Why is Yoga so good for you?

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Yoga, an ancient practice and meditation, has become increasingly popular in today’s busy society. Historically yoga was more than just a method of movement. It was a way of life. You dedicated yourself to a lifestyle that surpassed the physical aspects, and included healthy eating habits, social interaction and meditation techniques. Yoga philosophy is rooted in a physical culture of health and well-being which is emphasised today in many classes and explains why over 15 million people across the world now practise this ancient tradition.

The benefits of yoga extend beyond burning calories and toning muscles, with many other physical and mental advantages gained from the total mind-body workout. And while you might be thinking ‘yoga isn’t for me’, ‘I’m not flexible enough’, ‘it’s too gentle and slow’, there are multiple forms of yoga practices, so you can find one that suits you.

The evidence-based benefits of yoga:

  1. Improved flexibility: whether the goal is to touch your toes, reduce the tightness in your hamstrings, or simply feel less stiff, yoga poses will help achieve this. Developing greater strength and flexibility in your muscles will reduce the risk of injury and enhance the movement of your joints, to help you perform better physically.
  1. Improved posture: as you become more flexible and your muscle tone and strength improve, your posture will too. Your abdominal and back muscles will better support you in sitting and standing tall, and your intrinsic awareness of body position will develop.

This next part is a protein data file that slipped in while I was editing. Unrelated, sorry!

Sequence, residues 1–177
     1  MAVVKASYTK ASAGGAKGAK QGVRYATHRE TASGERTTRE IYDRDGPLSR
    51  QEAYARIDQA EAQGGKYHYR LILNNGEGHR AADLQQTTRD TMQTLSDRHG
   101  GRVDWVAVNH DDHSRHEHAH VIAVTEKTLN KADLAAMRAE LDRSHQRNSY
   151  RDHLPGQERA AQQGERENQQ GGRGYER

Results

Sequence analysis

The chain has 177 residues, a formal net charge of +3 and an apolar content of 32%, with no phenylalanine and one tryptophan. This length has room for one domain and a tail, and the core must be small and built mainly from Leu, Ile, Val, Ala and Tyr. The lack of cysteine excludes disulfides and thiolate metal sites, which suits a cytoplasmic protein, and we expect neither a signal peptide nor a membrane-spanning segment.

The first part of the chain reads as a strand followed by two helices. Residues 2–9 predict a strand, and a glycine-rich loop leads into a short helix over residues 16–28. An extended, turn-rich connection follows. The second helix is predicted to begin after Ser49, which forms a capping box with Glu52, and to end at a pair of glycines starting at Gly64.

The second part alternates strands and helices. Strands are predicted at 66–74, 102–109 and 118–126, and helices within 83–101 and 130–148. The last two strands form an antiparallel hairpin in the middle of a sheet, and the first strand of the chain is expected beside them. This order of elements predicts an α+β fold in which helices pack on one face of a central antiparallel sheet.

1. Increased strength: all it takes is a few moments in downward dog pose to realise how much strength is required. Each pose requires an element of core strength, and challenging standing sequences help to build tone in the leg muscles. However, yoga uses body weight to strengthen, ensuring you are also isolating the smaller local stabilising muscles, and combining it with flexibility will help to reduce injuries.
  1. Improved sleep quality: yoga will help you to relax and unwind, helping you to fall asleep faster, sleep longer, and feel more rested when you wake up. Yoga has been shown to increase the secretion of melatonin, a hormone that regulates sleep and wakefulness.
  1. Reduced stress and anxiety: multiple studies have shown that yoga can decrease the secretion of cortisol, the primary stress hormone. Yoga helps to manage stress not only through movement, but by incorporating breathing techniques to draw your attention away from any ‘mind chatter’ and stay present in the moment.
  1. Improved concentration and focus: physical concentration is required as you bring focus to your breath and move through the sequences of poses. This can translate to activities off the mat, in your day to day life.
  1. Improved cardiovascular health: yoga poses rely on holding muscle tension for a short period of time, helping to improve circulation. Your lung capacity will increase as a result of the deep breathing process. Meditation and calming yoga practices can slow down your heart rate which in turn lowers your blood pressure and cholesterol.

Sarah completed her Ashtanga-vinyasa yoga teacher training at Abhinam Yoga School in North Goa. She is based out of Portishead and teaches a range of classes: vinyasa flow, restorative yoga, power yoga, alongside monthly wellness events. She also hosts 6-weekly Pilates Yoga brunches, involving a 90-minute class followed by a home-made 3 course vegan brunch. We are very lucky to also have Sarah teaching out of The Thornbury Clinic offering Pilates and Yoga classes on Monday and Thursday lunchtimes and evenings.

If you would like to book an appointment with Sarah just Click Here!

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